The count of votes begins when Madagascar chooses the president

ANTANANARIVO (Reuters) – Madagascar on Wednesday voted the appointment of a president to fight unemployment, poverty and corruption on the island of the Indian Ocean, the outgoing president and two former chiefs of state. State leading a group of 36 candidates.

The first results are expected from Thursday, but with so many people standing, few people expect an immediate winner when announcing preliminary and then official results later in the month .

President Hery Rajaonarimampianina is seeking a second term and his two main candidates are former heads of state: Marc Ravalomanana and Andry Rajoelina.

If the vote is to take place in the second round, it will only concern the first two candidates and will take place on 19 December.

Cristian Preda, head of the European Union's observation mission, said his team deployed throughout the country had not yet detected any anomalies in the polls, which he said is essential for the restoration. democratic powers of Madagascar.

Observers are hoping for a second peaceful election since the upheaval of 2009, when Ravalomanana was forced to leave his post by Rajoelina-led demonstrations in a coup d'etat given by international organizations such as the African Union.

These events have resulted in an exodus of foreign investors from a country that is among the poorest in the world, despite reserves of nickel, cobalt, gold, uranium and other minerals.

People cheer as an election official posts a marked ballot after the presidential election in a voting center in Ambohidratrimo, Antananarivo, Madagascar, November 7, 2018. REUTERS / Malin Palm

Defense Minister Beni Xavier Rasolofonirina said 10,000 security agents had been deployed throughout the country to enhance security. Nearly 10 million people are registered on the electoral roll of the country on 25 million.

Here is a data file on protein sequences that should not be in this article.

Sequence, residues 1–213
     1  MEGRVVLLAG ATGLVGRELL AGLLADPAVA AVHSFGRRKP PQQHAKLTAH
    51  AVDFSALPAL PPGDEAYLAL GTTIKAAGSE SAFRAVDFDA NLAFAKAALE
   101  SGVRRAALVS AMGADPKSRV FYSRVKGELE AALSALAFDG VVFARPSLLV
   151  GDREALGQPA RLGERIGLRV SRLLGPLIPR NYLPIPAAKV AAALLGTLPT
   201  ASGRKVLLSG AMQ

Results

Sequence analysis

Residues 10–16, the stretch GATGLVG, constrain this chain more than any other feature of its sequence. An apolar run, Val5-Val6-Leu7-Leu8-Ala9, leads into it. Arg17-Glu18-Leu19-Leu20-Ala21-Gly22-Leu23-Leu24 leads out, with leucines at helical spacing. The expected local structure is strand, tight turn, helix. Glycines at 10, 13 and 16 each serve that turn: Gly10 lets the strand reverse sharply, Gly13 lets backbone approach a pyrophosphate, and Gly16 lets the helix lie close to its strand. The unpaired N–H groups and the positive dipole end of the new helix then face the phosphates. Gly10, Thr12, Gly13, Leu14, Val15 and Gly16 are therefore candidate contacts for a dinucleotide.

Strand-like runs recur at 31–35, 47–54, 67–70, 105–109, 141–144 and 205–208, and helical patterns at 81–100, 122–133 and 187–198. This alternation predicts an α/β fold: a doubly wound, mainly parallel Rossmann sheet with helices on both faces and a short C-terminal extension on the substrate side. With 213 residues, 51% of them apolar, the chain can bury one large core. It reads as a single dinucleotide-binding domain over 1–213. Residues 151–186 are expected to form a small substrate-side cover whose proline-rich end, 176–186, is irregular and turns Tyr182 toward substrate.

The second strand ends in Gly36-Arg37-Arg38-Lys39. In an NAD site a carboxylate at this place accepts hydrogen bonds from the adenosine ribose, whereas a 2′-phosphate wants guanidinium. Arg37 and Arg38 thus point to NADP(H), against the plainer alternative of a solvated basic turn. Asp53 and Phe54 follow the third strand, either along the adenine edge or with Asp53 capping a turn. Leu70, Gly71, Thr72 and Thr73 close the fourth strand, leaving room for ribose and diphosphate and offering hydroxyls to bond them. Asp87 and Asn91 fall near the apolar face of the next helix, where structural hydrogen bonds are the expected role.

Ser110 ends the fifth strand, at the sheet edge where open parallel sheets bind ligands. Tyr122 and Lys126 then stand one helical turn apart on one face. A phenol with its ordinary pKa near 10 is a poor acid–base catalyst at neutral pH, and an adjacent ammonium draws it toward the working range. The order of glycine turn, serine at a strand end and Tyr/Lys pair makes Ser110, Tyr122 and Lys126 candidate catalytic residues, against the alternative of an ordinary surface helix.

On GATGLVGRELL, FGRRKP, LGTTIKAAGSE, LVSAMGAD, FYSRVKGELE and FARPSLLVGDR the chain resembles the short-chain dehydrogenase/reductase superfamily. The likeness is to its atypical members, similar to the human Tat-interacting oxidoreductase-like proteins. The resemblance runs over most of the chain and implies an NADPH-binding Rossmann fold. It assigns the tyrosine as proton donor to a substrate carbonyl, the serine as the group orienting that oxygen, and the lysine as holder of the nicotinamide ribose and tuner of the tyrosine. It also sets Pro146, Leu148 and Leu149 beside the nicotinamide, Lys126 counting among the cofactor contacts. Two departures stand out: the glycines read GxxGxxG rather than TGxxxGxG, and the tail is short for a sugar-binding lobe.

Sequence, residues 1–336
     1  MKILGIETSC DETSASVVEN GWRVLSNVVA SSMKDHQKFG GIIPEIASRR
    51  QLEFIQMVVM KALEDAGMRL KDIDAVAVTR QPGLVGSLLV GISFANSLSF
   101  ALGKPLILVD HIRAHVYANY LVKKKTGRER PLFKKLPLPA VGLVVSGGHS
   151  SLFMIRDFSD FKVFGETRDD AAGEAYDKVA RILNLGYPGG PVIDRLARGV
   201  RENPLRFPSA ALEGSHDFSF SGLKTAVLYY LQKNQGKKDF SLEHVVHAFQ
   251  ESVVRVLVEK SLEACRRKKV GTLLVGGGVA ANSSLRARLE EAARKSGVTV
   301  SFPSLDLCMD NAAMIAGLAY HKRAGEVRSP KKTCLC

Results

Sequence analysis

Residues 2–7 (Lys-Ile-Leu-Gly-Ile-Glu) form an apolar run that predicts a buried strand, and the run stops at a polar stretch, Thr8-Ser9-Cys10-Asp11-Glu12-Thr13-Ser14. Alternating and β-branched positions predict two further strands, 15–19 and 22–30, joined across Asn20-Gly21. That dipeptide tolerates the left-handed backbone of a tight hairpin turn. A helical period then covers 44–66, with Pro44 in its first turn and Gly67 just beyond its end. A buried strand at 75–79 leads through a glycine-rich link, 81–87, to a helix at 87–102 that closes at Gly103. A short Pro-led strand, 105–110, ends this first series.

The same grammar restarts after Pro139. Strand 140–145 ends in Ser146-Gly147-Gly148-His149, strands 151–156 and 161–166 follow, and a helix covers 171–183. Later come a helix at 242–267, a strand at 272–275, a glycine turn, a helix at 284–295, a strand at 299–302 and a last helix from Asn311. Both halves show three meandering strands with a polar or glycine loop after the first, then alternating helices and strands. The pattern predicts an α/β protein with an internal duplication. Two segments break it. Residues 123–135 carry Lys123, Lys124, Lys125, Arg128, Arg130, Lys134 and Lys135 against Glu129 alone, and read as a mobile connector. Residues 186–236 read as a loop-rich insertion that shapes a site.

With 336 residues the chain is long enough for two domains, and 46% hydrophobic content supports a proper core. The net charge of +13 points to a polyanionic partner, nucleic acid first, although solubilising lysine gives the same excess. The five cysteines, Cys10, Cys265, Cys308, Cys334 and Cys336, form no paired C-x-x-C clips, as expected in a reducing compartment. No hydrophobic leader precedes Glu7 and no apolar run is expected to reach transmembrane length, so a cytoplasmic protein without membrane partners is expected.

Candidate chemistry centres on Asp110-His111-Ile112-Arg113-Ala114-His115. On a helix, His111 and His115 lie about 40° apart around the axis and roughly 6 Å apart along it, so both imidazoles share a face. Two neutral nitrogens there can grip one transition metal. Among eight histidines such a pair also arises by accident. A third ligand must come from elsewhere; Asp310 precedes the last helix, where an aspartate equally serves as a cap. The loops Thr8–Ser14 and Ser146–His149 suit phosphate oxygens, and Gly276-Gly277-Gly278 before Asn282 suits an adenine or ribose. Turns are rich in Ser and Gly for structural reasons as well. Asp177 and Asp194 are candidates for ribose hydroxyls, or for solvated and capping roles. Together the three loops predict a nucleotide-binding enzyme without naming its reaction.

Vote Sahondramalala Nirisoa, a nurse in the capital, told Reuters: "I hope and I pray for a change."

Another voter, Erick Ralaiarimanana, a computer scientist in the capital, aged 40, said he hoped the next president would work for "the good of the Malagasy people."

Polling stations closed at 5 pm According to election officials at three polling stations in the capital, voter turnout would have been about 54 percent.

Each of the top three candidates is committed to accelerating the economic recovery in an economy whose forecasts the International Monetary Fund will increase by more than 5% this year, its highest rate in a decade.

Since the holding of peaceful elections in 2013, investors and donor governments have begun to re-engage after a four-year freeze that began after Rajoelina came to power.

But the island was hit by a new political crisis in April, triggered by a legal amendment by the Rajaonarimampianina government that would have prevented Ravalomanana from representing itself. Rajaonarimampianina then deleted that provision.

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Civil society groups accuse the three wealthy vanguards of enriching themselves, which everyone denies.

Ravalomanana is said to be "delighted" with the way the vote went. "This election is a turning point for the country," said Ravalomanana after voting in the capital, Antananarivo.

The electoral commission is expected to announce the preliminary result by 20 November. The High Constitutional Court is expected to publish the final result on 29 November.

Written by Duncan Miriri and Elias Biryabarema; Edited by Alison Williams

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